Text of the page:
(P.96) It is still not crystal clear
by Andre Erasmus Newsshopper 9 January 2002
The fight for Crystal Palace Park's future continues, with legal wrangles continuing and eco-campaigners wanting public consultation and the historic value of the site preserved. ANDRE ERASMUS looks at the history of this building and the ongoing dispute ...
LOCAL historian and author of To the Palace for the Cup, Ian Bevan, is running a series of lectures on the history of Crystal Palace.
With the battle for the future of the historic site, at this stage, seemingly won by the Crystal Palace Campaign (CPC) as Bromley Council and the proposed developers of the historic site are-locked in legal proceedings, the lectures are particularly relevant.
After four years of campaigning, the CPC regarded the news, in May last year, that the contract for development had been terminated, as a victory.
A £75m complex, at the top of the park - the highest ridge in south London, included cinemas and a huge parking lot had been planned but the council said the developer had failed to meet contract terms.
CPC's campaign had included mobilising the community, costly lawsuits, street campaigning, boycott demonstrations, lobbying international politicians, including a successful complaint against the UK government brought before the European Commission which is still ongoing.
There was media coverage, including an item on the Radio Four's Today programme. The battle, it appears, will continue with the CPC wanting the site restored and put to better use (with public consultation).
The council's plan had come under fire from many quarters during last year with architects expressing concerns over the plans which seemed to include cost-saving measures.
It was stressed the new building and its surroundings needed to be completed to the highest design so it would be admired rather than criticised.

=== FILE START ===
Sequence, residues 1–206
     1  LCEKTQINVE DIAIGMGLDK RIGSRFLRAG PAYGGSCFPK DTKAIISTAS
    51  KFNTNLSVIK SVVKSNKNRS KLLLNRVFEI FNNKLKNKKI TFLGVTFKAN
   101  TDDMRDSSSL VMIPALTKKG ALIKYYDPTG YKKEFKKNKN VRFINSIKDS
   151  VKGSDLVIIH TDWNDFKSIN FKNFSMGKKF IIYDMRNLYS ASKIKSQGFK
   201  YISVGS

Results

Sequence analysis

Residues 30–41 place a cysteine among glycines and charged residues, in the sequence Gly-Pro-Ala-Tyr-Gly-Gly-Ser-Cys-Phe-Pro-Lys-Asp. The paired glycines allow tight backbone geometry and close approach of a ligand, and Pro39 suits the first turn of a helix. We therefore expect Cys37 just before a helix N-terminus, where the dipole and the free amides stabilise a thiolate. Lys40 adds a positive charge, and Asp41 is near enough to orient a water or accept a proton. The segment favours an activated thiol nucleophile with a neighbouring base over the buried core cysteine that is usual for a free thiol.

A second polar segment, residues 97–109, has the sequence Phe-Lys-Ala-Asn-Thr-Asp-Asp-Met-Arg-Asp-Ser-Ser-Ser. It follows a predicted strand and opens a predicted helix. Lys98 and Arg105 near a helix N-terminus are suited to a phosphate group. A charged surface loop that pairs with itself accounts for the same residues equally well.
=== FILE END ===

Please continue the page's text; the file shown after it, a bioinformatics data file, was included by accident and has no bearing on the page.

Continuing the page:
After all, the original Crystal Palace, designed by William Paxton and opened in 1851 to house the Great Exhibition of the works of Industry of All Nations in Hyde Park, had a
"fairy-like appearance being light and graceful despite its size" according to Queen Victoria.
After the exhibition, the building was moved by Paxton to Sydenham Heights where it became a social centre with gardens, lakes and waterfalls added.
However, in November 1936 the Crystal Palace was destroyed by a ferocious fire. .
Eco-warriors and the CPC want the historic value of the site not to be discarded while Bromley Council wants a development which will boost the area.
Last year saw the battle intensify with cost cutting by the designers of the new project coming under fire.
Originally English Heritage and the then Royal Fine Art Commission (now the Commission for Architecture and the Built Environment) had supported the plan, but their opinions started changing.
The CPC kept up the fight on all fronts, with its campaign to challenge 14 pub-type drinks licences, which the council wanted, being most telling. More than 600 people wrote objections to Bromley Licensing Magistrates and the magistrates granted only one pub-type licence.
In February, the Appeal Court reversed the High Court's decision to deny judicial review and set a full three judge hearing for next October.
Still at issue is the crucial determination whether Bromley Council, and the UK government, had breached a Euro Directive (as the European Commission maintains) by failing to require the developer to conduct an Environmental Impact Assessment (EIA) prior to planning consent.
The missing ETA was ordered and at the end of it see Mayor Livingstone turn it down.
In May came the announcement the contract had been terminated and the council's plans to sue the developer.
Meanwhile the CPC sees its task is now to be catalyst for the positive. Where the council had failed to consult, the CPC is surveying residents wishes in the five boroughs adjoining the park, working towards consensus.
The CPC has also proposed a Community Trust to regenerate the park in association with Bromley Council. Supporting this venture is Cabinet member Culture Secretary Tessa Jowell and Ken Livingstone, Mayor of London.
The CPC hopes to have something to celebrate by the time of the 150th anniversary of the Palace's move from Hyde Park to Sydenham in 2004.
Mr Bevan's series of 10 lectures at Kentwood Centre, Penge, on the history of the Crystal Palace started yesterday. For further details and to enrol, call the Bromley Adult Education on 020-8460-0020. Lectures are on Tuesdays at 1.30pm and Wednesdays at 7.30pm.
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Last updated 21/01/02